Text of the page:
From humble beginnings to fortune, champion athlete Arthur Ashe’s story is something of a modern day fairy tail. However, his accomplishments were very real. Born in 1943 in the South, Ashe’s childhood was not an easy one.
His mother passed away in 1950, leaving him and his brother to be raised only by their father. Arthur Sr. Ashe’s father, was nothing short of strict and tough, but only because he wanted his kids to be successful at school and in sports. Ashe’s father said that he wasn’t allowed to play football, like alot of other children his age because he was skinny. Instead, Ashe took up tennis at the age of 7 since there was a tennis court in his neighborhood.
Ashe’s prodigious playing caught the attention of player Ron Charity, and his mentor Robert Walter Johnson. He trained under them for years, but since a lot of school championships were still segregated, he wasn’t allowed to compete against white players.
Fortunately, Ashe was awarded a scholarship to UCLA for tennis and he was able to play there and train with Pancho Gonzales. In 1963 he was selected to play by the United States Davis Cup Team. It was the first time a black athlete was chosen to do so. After graduating from UCLA, he joined the army and served until he was discharged in 1969.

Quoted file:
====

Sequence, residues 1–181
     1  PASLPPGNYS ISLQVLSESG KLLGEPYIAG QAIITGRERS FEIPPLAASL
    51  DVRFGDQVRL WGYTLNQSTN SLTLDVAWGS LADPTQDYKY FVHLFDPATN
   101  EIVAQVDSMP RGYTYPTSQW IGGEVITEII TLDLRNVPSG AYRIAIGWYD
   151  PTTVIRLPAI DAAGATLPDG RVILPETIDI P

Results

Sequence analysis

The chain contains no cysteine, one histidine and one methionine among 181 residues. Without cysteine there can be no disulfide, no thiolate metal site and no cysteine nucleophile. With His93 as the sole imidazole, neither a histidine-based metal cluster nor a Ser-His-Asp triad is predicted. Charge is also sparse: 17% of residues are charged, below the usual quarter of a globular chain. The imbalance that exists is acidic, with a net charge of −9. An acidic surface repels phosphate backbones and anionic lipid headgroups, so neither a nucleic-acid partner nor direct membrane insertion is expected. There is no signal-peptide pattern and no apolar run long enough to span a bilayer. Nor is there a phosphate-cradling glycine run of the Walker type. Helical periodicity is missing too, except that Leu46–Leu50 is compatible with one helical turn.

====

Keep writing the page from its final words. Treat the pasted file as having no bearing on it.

Ashe’s career was nothing short of amazing. Not only did he win at Wimbledon, The US Open and the Australian Open, but he was also an activist. He applied for a visa to play tennis in South Africa every year to protest apartheid.
Unfortunately, the 80’s were not a good time for Ashe. After his retirement, Ashe contracted AIDS from a blood transfusion. After he went public about it, he made a point of raising awareness for the disease and founding The Arthur Ashe Foundation for the Defeat of AIDS.
A tribute to this amazing man’s memory, the US Open is taking place at Arthur Ashe Stadium.
It is the main stadium of the US Open tennis tournament, the fourth and final Grand Slam tennis tournament of the calendar year — and is the largest tennis-specific stadium in the world (by capacity), with a capacity of 23,771.